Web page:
Oma left this world at 7:40 am on a cold and snowy morning in March.
But that’s where the story ends.
Even though it begins earlier than 1938, her story really starts, for me, on the cold and rainy day Oma left Germany from the harbor in Hamburg, Germany.
Oma likely stood in the same spot before leaving Germany in 1938, as I stood at 63 years later (in 2001) when I lived in Germany as an exchange student.
She landed in New York on April 1, 1938.
Oma said that some of her earliest memories in Germany including playing with her cousins, Charlie and Lillian, picking fruit in her grandmother’s garden in Twistringen, Running around with her brothers Walter and Hans and visiting the Westfalia Kaufhaus, a department store which her Dad and Uncle owned, and were forced to sell at a loss to a member of the Nazi party.
I’m of the impression that her father and uncle were very hard-working, fleissig (industrious) individuals throughout their lives, regardless of the circumstances that they found themselves in.
Oma said she also remembered a torch lit Nazi parade marching by their home and that even as a very young little girl, it made quite an impression on her.
Because of the pressure and impossibility of staying in Germany as a Jew, their family moved to Hamburg to make preparations to get out of the country. When they did leave, they were just days away from not being allowed to leave. And no doubt, I would have not been here to tell you this story as Oma likely would have not lived through the wars as a Jewish little girl. Dad would have never been born, my parents would have never met and I would never have stood in the same spot at Hamburg harbor over sixty years later.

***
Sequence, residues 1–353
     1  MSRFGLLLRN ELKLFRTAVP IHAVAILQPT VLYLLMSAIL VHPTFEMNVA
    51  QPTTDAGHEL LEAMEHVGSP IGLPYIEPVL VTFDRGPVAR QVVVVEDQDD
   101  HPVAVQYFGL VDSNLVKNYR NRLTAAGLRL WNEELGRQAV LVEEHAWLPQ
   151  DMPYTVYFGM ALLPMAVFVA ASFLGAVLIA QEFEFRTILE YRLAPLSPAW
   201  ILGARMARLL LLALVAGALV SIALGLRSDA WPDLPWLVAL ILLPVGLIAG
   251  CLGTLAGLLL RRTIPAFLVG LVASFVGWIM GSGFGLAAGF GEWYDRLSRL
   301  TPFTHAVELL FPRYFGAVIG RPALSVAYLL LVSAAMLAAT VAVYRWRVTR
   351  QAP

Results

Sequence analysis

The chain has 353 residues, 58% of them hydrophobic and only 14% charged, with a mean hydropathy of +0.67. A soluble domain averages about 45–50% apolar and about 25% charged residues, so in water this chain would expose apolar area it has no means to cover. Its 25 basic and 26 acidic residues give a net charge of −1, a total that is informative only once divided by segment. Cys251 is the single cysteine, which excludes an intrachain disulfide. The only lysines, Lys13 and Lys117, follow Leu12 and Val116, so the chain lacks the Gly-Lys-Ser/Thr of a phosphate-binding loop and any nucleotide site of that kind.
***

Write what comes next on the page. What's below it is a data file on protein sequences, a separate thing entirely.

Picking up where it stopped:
Sometimes I simultaneously realize the contradictory thoughts; how small I really am and just how important my life really is.
Your life too, no doubt.
Oma always had the feeling that the stress of everything that happened to them during World War II was the cause of her parent’s divorce. I don’t know what happened to Oma’s grandparents on her mom’s side, my great-great grandparents. But Oma once told me when I asked for her opinion about the September 11th attacks, “I’ve seen it all before. It’s better not to talk about the details.” Es ist zu deprimiert.
Even though Oma came from affluence, she was never too good or too old or to knowledgeable to try something new.
She told me how she had learned to vaccinate a cow on a ranch in Wyoming. While I don’t think she enjoyed vaccinating cattle or ranch life or Wyoming in general, there was a certain degree of pride in how she said it which showed she was excited to have been strong enough to overcome her fears and how proud she was of overcoming that struggle so that she could learn something new.
Learning something new was a theme of Oma’s life.
At seventy, with just a very little bit of coaxing, she got set up with a dial-up AOL account and we all started communicating with her via email. Whenever she didn’t understand something, she would ask and Dad, Brian, Adam or I would sit at her computer with her. Adam and Dad spending into the hundreds of hours because Oma really wanted to understand it and to learn what was “out there.”
Though she wasn’t particularly religious, Oma was a rather spiritual person. I was always surprised whenever she would say, “well, thank the good lord for that;” which usually followed some concession statement by someone else. I know we would say something like, “I can’t fix your computer completely at the moment, but at least you’ve got access to email” and Oma would respond, “well, thank the good lord for that!”